ارزیابی باورهای جذابیت ضمنی در اختلال بدریخت انگاری با استفاده از ارتباط کاری رفت و برگشت
|کد مقاله||سال انتشار||مقاله انگلیسی||ترجمه فارسی||تعداد کلمات|
|35578||2011||6 صفحه PDF||سفارش دهید||محاسبه نشده|
Publisher : Elsevier - Science Direct (الزویر - ساینس دایرکت)
Journal : Journal of Behavior Therapy and Experimental Psychiatry, Volume 42, Issue 2, June 2011, Pages 192–197
Cognitive-behavioral models of body dysmorphic disorder (BDD) suggest the disorder is characterized by exaggerated beliefs about the significance of appearance. However, previous studies assessing automatic associations regarding the importance of attractiveness failed to find any differences between individuals with BDD and healthy control participants using the Implicit Association Test (IAT; Greenwald, McGhee, & Schwartz, 1998). An open question is whether the BDD and control groups indeed implicitly evaluate attractiveness comparably, or whether methodological factors (e.g., the IAT design requirement of a relative comparison category for attractiveness) made it difficult to observe group differences. To address this question, we evaluated explicit and implicit attractiveness beliefs among individuals with BDD (n = 36), individuals with a dermatological condition (n = 36), and psychiatrically healthy control participants (n = 36) using the single target category Go/No-go Association Task (GNAT; Nosek, & Banaji, 2001). Indeed, BDD participants had significantly stronger implicit associations between attractive and important, relative to the other groups, whereas there was no difference between the dermatology and control groups. Further, the GNAT was effective at classifying individuals with BDD above and beyond the prediction offered by an explicit measure of attractiveness beliefs. The GNAT may be a useful tool for assessing implicit associations in clinical populations because it does not require an explicit comparison target category, which is a restriction of many implicit measures.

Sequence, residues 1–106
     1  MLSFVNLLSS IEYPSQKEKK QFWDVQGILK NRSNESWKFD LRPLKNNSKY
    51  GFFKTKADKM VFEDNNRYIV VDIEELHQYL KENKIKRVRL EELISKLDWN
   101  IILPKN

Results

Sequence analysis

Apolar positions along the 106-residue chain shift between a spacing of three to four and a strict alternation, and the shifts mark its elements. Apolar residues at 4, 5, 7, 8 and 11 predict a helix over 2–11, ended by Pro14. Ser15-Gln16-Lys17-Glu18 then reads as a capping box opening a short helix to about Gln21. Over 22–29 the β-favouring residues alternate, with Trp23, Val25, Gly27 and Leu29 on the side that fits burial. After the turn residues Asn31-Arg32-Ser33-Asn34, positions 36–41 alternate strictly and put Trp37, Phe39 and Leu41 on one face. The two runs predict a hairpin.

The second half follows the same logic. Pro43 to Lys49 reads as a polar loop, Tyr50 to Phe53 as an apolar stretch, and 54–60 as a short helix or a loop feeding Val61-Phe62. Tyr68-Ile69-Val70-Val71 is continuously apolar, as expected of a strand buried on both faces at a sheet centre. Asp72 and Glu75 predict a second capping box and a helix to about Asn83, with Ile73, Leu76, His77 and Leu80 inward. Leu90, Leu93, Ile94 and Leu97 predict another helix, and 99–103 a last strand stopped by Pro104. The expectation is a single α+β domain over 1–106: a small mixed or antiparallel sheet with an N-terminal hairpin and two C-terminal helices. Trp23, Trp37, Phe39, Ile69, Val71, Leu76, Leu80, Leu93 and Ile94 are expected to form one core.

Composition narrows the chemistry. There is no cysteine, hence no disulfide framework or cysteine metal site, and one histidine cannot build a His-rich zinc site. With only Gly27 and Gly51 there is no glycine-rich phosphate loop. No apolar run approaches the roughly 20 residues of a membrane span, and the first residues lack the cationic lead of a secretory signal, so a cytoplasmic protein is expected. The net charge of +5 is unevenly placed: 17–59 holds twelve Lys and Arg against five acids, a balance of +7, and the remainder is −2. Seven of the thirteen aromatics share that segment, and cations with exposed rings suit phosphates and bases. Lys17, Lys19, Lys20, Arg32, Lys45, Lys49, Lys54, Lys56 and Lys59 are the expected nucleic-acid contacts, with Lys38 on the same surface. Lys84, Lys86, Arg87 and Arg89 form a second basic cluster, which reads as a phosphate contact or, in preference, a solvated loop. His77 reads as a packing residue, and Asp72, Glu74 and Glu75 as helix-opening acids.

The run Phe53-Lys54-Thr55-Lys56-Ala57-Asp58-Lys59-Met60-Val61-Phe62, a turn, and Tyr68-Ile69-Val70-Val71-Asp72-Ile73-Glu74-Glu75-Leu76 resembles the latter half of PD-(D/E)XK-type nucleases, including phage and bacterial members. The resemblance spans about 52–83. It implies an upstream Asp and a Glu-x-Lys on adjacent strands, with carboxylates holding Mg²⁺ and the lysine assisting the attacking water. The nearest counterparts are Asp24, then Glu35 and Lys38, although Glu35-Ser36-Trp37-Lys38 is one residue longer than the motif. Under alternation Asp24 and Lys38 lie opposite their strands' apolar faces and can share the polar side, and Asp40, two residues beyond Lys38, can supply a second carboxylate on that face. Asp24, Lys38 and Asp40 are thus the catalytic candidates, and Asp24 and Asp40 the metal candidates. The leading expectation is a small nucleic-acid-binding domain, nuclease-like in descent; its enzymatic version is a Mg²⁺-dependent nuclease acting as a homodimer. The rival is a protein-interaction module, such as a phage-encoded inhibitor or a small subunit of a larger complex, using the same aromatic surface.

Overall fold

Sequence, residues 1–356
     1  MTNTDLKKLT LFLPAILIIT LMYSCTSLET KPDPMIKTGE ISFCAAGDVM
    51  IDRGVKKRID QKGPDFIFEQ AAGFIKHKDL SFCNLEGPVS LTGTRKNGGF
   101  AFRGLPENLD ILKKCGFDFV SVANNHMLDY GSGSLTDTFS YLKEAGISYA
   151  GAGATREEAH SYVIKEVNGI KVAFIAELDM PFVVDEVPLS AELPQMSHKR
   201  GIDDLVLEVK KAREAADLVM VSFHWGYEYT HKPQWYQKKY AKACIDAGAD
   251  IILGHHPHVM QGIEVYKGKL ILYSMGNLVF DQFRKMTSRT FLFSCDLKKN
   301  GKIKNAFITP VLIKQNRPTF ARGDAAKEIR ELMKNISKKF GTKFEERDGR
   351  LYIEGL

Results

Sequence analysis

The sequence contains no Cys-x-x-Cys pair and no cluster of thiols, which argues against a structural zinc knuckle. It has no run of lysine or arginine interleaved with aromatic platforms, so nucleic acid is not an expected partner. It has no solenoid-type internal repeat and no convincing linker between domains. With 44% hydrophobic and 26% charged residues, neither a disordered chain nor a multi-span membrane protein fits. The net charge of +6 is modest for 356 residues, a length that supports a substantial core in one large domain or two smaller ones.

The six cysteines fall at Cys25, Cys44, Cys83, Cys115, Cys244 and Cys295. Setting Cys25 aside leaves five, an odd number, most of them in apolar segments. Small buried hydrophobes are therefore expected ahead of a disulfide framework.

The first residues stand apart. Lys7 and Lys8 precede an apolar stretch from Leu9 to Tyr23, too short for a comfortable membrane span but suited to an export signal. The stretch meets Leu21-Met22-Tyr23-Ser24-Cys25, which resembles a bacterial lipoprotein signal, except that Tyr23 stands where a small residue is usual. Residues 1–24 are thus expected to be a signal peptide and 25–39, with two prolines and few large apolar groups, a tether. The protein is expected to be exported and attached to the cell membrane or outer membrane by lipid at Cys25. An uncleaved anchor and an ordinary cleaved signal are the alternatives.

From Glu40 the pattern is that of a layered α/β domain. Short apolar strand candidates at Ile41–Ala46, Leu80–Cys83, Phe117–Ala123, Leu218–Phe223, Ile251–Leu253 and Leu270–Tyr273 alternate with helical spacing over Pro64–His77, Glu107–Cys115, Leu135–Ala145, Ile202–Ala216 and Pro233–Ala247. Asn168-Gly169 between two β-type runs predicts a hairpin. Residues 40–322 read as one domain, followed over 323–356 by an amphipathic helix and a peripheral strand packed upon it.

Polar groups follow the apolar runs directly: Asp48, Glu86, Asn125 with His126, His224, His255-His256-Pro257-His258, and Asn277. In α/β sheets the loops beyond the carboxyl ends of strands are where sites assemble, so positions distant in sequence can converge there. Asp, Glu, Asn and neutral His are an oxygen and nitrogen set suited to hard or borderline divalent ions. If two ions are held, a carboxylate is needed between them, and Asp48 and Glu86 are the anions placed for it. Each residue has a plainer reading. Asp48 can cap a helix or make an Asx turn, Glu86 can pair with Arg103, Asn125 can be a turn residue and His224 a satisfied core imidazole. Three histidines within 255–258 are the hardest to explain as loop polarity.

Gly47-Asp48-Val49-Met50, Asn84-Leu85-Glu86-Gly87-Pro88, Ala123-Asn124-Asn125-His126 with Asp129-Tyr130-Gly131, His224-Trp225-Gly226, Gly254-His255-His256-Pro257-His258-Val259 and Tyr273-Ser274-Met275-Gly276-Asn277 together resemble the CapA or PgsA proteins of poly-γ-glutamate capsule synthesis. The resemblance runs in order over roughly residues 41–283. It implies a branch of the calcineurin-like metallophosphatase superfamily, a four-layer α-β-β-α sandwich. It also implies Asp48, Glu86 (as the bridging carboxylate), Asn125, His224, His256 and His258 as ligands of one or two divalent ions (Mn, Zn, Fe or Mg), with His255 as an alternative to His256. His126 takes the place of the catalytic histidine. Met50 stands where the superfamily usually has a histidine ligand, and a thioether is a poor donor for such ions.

Individuals with body dysmorphic disorder (BDD) are preoccupied with perceived defects or flaws in their physical appearance, frequently tied to the face, skin, or hair (e.g., pimples, misshapen nose; American Psychiatric Association, 2000). They often misperceive the “defect” as repulsive and think about their appearance for many hours a day, even though others do not share their concerns. BDD is further characterized by significant avoidance of social activities, which may even lead to being housebound (e.g., Phillips et al., 2006 and Phillips et al., 1993).